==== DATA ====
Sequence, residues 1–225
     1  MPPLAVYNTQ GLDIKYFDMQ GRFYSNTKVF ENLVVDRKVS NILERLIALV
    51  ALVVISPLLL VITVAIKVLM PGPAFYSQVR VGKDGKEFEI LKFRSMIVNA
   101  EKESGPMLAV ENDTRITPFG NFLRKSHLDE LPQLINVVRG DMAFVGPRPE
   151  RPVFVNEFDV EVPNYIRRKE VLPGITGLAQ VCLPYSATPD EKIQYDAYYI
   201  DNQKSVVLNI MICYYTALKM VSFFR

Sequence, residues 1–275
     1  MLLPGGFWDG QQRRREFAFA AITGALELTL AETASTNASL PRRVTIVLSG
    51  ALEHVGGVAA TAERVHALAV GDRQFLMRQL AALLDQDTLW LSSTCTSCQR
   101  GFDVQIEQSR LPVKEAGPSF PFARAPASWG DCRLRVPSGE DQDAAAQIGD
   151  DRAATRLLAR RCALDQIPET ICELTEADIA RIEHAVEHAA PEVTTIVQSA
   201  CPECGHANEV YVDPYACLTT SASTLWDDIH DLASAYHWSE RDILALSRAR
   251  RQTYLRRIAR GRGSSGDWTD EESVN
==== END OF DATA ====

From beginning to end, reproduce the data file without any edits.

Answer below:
Sequence, residues 1–225
     1  MPPLAVYNTQ GLDIKYFDMQ GRFYSNTKVF ENLVVDRKVS NILERLIALV
    51  ALVVISPLLL VITVAIKVLM PGPAFYSQVR VGKDGKEFEI LKFRSMIVNA
   101  EKESGPMLAV ENDTRITPFG NFLRKSHLDE LPQLINVVRG DMAFVGPRPE
   151  RPVFVNEFDV EVPNYIRRKE VLPGITGLAQ VCLPYSATPD EKIQYDAYYI
   201  DNQKSVVLNI MICYYTALKM VSFFR

Sequence, residues 1–275
     1  MLLPGGFWDG QQRRREFAFA AITGALELTL AETASTNASL PRRVTIVLSG
    51  ALEHVGGVAA TAERVHALAV GDRQFLMRQL AALLDQDTLW LSSTCTSCQR
   101  GFDVQIEQSR LPVKEAGPSF PFARAPASWG DCRLRVPSGE DQDAAAQIGD
   151  DRAATRLLAR RCALDQIPET ICELTEADIA RIEHAVEHAA PEVTTIVQSA
   201  CPECGHANEV YVDPYACLTT SASTLWDDIH DLASAYHWSE RDILALSRAR
   251  RQTYLRRIAR GRGSSGDWTD EESVN